Just take care, he says, to keep colors on-brand to the concept, and not go overboard. “If the concept works with a little and you’ve applied lots, you’ve gone too far,” says Hill. “Or, if there are so many colors they compete and clash, then it’s too much.”

Sound Advice restaurant Courtesy JM Leach 2 1

Cultural appropriation

Taglines, logos, words painted on walls or on the menus, or even directional signs that are meant to be humorous or different, can easily be seen as offensive or just leave some patrons feeling excluded. Using a lot of slang can be tricky, says Armstrong, because if it’s too youthful, it can make older patrons feel confused. If it’s too localized or obscure, it can deter new customers from patronizing the restaurant.

Some of this language can be tongue in cheek, Hill points out, and restaurants can provide translations, “so people in the know can smile smugly and say ‘I know that,’ and other people are happy to learn. As a restaurant you have to be able to laugh at yourself.”

Armstrong points to Bar Maruno in Los Angeles, a Spanish restaurant on the California coast. In order to be fully cognizant of being outsiders and of understanding iconography and imagery from Spain, the owners first spent a couple of months in Spain, “so they could translate that variety and diversity in the design,” she says.

However, the owners also included localized touches, like surfboards, placed adjacent to traditional Spanish iconography, offering both local flavor and a nod to the global inspirations behind the menu.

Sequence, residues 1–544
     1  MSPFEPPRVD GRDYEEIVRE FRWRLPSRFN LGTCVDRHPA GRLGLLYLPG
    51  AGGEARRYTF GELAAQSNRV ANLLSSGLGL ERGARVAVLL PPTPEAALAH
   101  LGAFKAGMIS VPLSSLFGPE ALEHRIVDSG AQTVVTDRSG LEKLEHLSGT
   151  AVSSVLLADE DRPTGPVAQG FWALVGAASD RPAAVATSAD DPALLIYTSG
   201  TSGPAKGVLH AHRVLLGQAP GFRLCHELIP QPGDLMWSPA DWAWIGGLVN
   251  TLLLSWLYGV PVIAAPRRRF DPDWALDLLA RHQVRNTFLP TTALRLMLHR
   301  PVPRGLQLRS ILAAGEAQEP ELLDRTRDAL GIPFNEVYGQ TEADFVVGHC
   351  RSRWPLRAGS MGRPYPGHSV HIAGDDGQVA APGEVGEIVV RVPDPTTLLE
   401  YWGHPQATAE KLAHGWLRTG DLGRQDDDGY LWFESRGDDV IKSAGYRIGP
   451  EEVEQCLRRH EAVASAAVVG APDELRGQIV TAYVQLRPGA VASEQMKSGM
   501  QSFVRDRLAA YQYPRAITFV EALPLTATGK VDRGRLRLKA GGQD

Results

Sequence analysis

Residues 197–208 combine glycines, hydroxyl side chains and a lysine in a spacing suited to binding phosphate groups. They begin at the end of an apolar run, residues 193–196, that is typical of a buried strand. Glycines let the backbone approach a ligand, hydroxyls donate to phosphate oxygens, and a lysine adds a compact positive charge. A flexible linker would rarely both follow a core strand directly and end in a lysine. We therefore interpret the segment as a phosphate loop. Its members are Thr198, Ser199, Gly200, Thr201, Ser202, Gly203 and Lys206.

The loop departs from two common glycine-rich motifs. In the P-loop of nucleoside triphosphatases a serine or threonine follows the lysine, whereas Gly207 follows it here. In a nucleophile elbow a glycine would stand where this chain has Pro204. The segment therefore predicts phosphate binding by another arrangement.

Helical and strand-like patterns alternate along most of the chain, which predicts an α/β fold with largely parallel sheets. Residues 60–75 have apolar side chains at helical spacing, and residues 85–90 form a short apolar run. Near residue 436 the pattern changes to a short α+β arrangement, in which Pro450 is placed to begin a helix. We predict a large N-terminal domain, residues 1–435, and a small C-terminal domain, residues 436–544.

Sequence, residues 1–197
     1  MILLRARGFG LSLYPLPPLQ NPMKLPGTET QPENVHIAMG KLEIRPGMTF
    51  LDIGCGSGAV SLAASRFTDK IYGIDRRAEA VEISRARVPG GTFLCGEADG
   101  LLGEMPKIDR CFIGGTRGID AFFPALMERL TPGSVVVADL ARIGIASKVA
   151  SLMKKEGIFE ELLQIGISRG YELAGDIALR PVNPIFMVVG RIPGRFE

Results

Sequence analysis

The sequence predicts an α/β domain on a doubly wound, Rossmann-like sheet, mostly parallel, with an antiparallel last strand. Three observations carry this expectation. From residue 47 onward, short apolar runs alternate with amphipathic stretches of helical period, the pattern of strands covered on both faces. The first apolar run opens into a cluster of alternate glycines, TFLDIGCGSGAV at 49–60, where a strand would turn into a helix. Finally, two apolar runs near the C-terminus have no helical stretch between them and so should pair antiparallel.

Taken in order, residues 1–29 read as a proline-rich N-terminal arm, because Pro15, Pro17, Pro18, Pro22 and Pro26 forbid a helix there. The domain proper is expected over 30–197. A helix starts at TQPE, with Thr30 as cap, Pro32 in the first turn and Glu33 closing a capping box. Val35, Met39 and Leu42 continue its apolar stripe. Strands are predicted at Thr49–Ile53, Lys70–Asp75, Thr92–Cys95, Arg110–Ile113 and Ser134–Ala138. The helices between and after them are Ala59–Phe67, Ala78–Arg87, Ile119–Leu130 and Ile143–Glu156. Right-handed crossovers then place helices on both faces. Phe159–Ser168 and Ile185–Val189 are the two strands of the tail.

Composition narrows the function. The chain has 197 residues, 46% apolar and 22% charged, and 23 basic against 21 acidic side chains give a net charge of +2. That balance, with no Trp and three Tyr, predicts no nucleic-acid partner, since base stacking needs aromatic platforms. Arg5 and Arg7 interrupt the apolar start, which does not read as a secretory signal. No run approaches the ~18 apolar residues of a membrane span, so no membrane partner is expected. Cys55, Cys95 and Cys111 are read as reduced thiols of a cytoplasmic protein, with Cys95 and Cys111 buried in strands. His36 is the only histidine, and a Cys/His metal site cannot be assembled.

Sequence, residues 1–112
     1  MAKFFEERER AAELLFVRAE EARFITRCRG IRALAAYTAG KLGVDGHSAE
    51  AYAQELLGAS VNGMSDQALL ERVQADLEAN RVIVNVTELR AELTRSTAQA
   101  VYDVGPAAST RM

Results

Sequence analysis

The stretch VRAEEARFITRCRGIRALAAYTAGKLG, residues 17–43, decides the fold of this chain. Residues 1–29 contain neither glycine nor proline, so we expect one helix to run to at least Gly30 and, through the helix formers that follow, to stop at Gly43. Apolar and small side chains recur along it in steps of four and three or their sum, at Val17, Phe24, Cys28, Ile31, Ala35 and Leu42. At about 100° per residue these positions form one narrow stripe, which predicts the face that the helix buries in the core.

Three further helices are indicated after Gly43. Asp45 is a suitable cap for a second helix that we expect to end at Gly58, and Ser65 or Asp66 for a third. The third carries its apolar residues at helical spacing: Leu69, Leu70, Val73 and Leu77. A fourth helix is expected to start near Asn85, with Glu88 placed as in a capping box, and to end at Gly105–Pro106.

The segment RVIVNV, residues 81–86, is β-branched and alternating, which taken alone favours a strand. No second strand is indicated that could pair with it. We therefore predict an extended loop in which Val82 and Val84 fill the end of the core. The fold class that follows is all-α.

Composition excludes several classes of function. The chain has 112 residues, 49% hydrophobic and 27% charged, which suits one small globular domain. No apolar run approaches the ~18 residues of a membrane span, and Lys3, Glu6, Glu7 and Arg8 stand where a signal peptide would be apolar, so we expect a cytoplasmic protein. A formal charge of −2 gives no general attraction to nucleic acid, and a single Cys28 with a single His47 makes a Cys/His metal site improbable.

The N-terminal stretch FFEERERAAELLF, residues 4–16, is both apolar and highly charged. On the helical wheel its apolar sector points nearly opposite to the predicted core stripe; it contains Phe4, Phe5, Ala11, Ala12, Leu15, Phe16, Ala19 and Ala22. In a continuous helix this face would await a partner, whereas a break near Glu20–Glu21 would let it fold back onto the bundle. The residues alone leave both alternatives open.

It’s important to be very aware of cultural appropriation, says Hill. If a restaurant is trying to attract people from a certain culture but get it wrong that can be very offensive. Many restaurants simply don’t realize this, or don’t know when they’ve gone too far, he says. A small amount of something, such as signage supporting Black Lives Matter or the LGBTQ community sends a very clear message to patrons, but too much can be offensive and be seen as using the community for business gains. “It’s important to rein in that enthusiasm and remember less is more,” Hill says.

Messages of inclusivity should extend to marketing and advertising. It’s important to include people of different races and ethnicities in marketing and advertising materials and to use inclusive language in social media, signage and every aspect of a marketing campaign, says Silverthorn.

At the end of the day, says Hill, involve as many people as you can in the design of your restaurant. “We all have a myopic view of the world, so the more people you can get involved, the more people listening and the more people commenting, the better.”

And don’t leave anything out of your inclusivity considerations. “All the touchpoints through a restaurant — arrival, seating, menu, ordering, dining, washroom, payment, leaving, online — are opportunities for inclusion,” Hill says. “Paying attention to each of them but also knowing how they connect and flow and, most importantly, what message you want to send, is going to define how your patrons feel.”